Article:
Trains VS. Hospitals

img_11361This week, we learned about two important Chinese institutions: the train and the hospital. At the beginning of the week, we rode the high-speed train to Shangqiu to visit one of Jeremy’s KU classmates. Asher said we flew on the train which is true because the high-speed train runs on magnets, not wheels. Therefore, the high-speed train is suspended about an inch above the track. The train won our hearts, and Jeremy said he never wanted to fly on a plane again after the joy of train travel.
The train station was easy to navigate, and we did not have to take out our liquids or remove our shoes to get through security. The train itself was roomy and the seats were comfortable. Plus, passengers could get up and walk around at any time. We got the added bonus of seeing some of China’s countryside from the windows.
In Shangqiu we had an amazing visit with Jeremy’s classmate. She took us out for hotpot, to a temple where people were celebrating the new year, and back to her parents’ house for homemade dumplings. The next day we visited the Shang Dynasty city wall and the South Lake. We also got to peer in the windows of the Catholic Church. After a huge meal back at the parents’ house, we rode the train again.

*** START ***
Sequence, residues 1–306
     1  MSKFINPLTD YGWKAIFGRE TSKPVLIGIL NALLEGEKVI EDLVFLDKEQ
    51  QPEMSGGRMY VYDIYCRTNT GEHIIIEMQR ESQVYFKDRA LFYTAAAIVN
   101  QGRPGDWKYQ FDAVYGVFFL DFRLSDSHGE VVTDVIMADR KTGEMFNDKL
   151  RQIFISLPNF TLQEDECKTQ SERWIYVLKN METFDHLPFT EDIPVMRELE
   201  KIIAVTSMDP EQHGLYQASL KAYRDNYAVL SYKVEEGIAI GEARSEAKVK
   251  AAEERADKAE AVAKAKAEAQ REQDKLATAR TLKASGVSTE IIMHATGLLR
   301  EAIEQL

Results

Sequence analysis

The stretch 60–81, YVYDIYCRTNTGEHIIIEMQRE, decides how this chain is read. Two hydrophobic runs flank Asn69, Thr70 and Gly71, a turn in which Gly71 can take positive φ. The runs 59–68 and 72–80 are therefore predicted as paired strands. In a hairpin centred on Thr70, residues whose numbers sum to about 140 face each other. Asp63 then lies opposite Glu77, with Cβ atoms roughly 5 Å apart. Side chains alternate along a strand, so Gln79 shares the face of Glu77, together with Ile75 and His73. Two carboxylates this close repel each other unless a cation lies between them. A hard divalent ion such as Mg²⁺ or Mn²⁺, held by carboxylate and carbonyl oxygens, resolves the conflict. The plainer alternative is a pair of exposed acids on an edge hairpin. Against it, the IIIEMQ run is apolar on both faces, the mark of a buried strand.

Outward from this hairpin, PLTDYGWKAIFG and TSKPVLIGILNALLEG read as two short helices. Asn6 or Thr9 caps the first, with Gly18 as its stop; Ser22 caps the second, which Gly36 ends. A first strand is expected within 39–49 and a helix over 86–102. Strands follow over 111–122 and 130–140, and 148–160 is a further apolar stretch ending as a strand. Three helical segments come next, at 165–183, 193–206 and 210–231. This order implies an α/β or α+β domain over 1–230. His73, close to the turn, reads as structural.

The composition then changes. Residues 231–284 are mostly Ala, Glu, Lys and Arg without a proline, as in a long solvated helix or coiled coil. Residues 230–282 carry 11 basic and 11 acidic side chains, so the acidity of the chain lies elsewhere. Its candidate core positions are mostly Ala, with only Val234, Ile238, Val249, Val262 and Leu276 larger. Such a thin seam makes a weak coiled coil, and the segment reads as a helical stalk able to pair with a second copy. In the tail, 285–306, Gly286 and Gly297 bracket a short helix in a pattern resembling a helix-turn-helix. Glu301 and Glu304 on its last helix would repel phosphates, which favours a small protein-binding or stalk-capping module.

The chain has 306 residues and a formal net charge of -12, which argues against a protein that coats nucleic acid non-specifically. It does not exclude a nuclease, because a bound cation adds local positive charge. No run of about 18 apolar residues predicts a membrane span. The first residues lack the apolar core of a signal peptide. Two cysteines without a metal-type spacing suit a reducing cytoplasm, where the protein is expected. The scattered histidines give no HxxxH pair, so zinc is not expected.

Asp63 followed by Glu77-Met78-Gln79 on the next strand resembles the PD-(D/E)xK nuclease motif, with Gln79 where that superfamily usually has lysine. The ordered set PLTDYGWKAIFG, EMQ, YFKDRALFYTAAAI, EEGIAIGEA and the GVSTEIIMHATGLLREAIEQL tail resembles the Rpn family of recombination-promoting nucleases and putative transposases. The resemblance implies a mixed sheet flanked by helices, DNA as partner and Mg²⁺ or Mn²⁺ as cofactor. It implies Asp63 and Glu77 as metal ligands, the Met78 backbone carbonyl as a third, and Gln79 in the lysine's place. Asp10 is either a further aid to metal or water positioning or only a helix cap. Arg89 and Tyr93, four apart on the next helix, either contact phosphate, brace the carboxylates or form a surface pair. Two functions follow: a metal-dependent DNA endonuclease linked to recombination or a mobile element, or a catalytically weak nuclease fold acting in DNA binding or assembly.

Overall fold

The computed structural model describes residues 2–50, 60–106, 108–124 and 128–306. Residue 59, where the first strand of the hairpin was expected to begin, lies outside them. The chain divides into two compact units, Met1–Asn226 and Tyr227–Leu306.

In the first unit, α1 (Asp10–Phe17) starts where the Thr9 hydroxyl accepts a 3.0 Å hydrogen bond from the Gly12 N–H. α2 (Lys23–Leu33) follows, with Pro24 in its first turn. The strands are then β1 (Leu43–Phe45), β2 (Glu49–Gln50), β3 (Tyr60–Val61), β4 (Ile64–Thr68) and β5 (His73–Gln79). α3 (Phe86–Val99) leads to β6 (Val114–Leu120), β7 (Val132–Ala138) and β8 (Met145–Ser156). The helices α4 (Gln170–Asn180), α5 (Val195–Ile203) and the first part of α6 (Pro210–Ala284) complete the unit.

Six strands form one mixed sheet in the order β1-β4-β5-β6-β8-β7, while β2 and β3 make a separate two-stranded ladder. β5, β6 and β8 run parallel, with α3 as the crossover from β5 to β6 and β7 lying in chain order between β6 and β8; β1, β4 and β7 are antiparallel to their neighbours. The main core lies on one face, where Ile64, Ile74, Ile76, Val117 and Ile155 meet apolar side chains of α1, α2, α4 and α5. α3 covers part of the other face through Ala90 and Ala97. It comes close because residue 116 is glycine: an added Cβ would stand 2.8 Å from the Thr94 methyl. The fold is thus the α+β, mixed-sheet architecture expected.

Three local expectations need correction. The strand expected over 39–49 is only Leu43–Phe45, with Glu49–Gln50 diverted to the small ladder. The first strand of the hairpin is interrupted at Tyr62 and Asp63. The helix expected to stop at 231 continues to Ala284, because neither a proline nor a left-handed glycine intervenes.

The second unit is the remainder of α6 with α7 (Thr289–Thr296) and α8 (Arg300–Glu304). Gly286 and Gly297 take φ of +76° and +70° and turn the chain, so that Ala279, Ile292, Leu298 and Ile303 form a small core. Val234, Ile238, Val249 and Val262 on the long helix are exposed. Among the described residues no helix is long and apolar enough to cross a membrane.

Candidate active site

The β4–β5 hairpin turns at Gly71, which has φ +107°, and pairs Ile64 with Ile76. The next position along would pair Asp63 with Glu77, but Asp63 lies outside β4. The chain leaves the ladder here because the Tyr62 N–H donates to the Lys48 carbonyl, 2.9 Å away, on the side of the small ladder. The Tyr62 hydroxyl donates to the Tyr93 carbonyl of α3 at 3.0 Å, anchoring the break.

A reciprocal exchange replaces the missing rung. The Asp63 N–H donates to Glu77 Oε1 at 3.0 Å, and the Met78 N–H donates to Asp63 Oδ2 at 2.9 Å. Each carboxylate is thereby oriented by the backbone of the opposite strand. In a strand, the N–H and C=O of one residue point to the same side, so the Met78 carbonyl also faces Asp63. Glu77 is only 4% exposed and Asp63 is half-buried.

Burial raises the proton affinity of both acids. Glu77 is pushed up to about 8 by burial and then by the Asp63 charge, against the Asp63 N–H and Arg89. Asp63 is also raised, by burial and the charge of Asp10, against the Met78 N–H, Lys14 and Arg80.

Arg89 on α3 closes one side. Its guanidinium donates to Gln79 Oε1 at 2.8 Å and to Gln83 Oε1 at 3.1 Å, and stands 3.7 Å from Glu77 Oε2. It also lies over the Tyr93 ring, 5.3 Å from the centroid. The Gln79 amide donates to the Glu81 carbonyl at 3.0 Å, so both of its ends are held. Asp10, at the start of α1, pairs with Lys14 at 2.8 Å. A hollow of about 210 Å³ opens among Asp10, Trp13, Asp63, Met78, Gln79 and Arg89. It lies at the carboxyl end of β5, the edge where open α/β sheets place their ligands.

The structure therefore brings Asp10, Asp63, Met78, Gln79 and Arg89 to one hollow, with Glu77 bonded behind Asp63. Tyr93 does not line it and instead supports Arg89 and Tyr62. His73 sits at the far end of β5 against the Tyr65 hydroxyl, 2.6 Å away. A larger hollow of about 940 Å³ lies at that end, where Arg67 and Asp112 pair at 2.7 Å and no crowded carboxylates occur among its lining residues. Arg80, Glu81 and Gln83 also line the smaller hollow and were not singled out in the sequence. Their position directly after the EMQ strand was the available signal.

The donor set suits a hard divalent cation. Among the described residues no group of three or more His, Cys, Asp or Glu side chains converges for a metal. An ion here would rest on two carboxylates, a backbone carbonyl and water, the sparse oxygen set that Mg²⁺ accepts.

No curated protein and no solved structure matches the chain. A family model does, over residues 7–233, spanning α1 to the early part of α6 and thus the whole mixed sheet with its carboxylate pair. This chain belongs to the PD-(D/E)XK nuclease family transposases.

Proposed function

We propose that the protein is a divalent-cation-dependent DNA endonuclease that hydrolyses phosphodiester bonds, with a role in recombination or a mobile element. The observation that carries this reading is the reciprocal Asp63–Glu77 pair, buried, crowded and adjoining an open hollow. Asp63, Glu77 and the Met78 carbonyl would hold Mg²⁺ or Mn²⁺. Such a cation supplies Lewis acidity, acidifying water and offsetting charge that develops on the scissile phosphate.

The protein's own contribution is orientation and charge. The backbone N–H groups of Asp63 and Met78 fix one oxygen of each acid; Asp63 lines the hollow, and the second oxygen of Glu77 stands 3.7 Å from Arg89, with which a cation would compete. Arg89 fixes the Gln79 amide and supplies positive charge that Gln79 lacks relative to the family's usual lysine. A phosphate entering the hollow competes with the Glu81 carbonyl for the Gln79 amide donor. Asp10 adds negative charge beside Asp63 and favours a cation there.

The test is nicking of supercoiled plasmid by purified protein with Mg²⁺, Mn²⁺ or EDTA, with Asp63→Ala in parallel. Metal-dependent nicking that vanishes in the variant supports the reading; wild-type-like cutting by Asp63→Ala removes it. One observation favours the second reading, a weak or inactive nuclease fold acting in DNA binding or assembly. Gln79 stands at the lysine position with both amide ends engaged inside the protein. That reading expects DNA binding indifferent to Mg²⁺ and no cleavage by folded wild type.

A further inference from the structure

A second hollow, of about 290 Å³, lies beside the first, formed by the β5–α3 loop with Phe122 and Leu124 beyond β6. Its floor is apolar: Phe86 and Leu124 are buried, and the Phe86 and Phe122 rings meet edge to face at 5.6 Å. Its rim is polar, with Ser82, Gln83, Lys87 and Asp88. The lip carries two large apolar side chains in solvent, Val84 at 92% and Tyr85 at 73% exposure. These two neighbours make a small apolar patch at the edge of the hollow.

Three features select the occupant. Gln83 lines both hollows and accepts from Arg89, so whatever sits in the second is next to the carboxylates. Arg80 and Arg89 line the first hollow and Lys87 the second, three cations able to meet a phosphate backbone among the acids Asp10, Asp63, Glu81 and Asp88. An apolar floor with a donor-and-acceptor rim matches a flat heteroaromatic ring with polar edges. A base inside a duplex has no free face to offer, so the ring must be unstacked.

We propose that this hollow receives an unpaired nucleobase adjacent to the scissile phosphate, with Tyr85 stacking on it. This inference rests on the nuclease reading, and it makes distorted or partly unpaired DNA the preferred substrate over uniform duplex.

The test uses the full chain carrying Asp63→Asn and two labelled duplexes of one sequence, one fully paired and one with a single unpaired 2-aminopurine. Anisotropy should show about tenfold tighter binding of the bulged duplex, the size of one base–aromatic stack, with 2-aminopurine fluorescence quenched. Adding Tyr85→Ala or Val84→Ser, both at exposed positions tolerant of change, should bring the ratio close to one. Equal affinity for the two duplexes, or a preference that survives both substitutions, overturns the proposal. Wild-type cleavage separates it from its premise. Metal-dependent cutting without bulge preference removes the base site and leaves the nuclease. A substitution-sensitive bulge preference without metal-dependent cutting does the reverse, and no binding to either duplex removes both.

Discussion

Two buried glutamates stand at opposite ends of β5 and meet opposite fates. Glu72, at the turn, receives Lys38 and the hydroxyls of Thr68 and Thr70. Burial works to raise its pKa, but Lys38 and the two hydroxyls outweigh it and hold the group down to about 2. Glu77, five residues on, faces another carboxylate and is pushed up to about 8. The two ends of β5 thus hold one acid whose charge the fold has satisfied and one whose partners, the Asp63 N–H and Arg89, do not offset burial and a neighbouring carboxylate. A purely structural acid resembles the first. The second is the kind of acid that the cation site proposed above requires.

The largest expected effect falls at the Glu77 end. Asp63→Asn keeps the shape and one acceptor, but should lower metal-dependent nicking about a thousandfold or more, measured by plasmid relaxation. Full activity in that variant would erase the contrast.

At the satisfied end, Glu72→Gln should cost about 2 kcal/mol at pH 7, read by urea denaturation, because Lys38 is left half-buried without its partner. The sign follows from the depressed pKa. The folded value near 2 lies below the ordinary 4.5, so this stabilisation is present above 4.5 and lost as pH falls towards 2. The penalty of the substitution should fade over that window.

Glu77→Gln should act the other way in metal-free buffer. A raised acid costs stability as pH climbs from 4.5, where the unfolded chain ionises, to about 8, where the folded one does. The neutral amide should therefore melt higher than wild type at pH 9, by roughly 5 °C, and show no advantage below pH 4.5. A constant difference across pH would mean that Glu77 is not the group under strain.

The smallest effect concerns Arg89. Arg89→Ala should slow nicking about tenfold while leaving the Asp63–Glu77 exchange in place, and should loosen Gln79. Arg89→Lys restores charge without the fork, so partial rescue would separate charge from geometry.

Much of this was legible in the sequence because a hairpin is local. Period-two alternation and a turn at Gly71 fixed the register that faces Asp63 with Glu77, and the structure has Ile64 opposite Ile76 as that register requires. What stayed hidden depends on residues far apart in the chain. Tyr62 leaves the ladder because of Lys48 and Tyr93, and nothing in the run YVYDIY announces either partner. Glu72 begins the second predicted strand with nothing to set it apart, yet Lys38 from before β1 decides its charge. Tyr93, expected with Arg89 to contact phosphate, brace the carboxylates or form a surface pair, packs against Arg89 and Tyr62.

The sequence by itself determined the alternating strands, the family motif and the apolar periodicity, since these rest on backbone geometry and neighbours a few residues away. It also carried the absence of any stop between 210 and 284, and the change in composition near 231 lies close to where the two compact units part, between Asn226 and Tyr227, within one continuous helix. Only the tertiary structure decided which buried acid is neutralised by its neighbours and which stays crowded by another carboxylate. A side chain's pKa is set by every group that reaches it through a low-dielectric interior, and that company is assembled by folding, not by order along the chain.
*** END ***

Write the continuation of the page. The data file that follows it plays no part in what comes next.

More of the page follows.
We thought we might try the train again later in the week, but the tickets were sold out when we tried to buy them. This was a blessing in disguise because one of our friends went into the hospital with unexplainable pain. We have spent the rest of the week visiting him, and trying to cheer him up.
On the first visit to the hospital, seven of our friend’s countrymen from Burundi were there trying to help him. Our friend told us he had pain from his back to the top of his head. Plus he could not eat, nor could he feel his feet. It did not seem that the hospital had done anything but put him in a bed. He had no IV and no medicine. The doctor came into the room to check on our friend’s roommate, but was going to leave without talking to our friend. Another friend flagged the doctor down, but it was hard to communicate with him.
We returned the next day to find that our friend’s cellphone had been stolen in the hospital. No one seemed to be doing anything about it. His pain persisted, but at least he was trying some medicine and he had an IV. A nurse came in and told him they would do more tests the next day.
The next day, we asked one of our Chinese coworkers to go to the hospital with us. He was able to translate between the doctor and our friend. He was also able to read the medical chart. It turns out that our friend has an ulcer and he was supposed to be on a special diet. He also had problems with the discs in his back. So at least that is something.
In the Chinese hospital there is a total lack of privacy. In addition, the family members of patients crowd the elevators at meal times because the hospital does not provide food. We took the stairs three different times because of elevator crowding (and our friend is on the 17th floor). Of course, the lack of security is disconcerting. However, the fact that two nurses came into my friend’s room and giggled while they bullied him for more money was probably the worst part.
So this week, we learned about two Chinese institutions. The hospital is a scary place, and I hope that I don’t have to be a patient there. On the other hand, the high-speed train is better than flying. I hope to ride it again and again.

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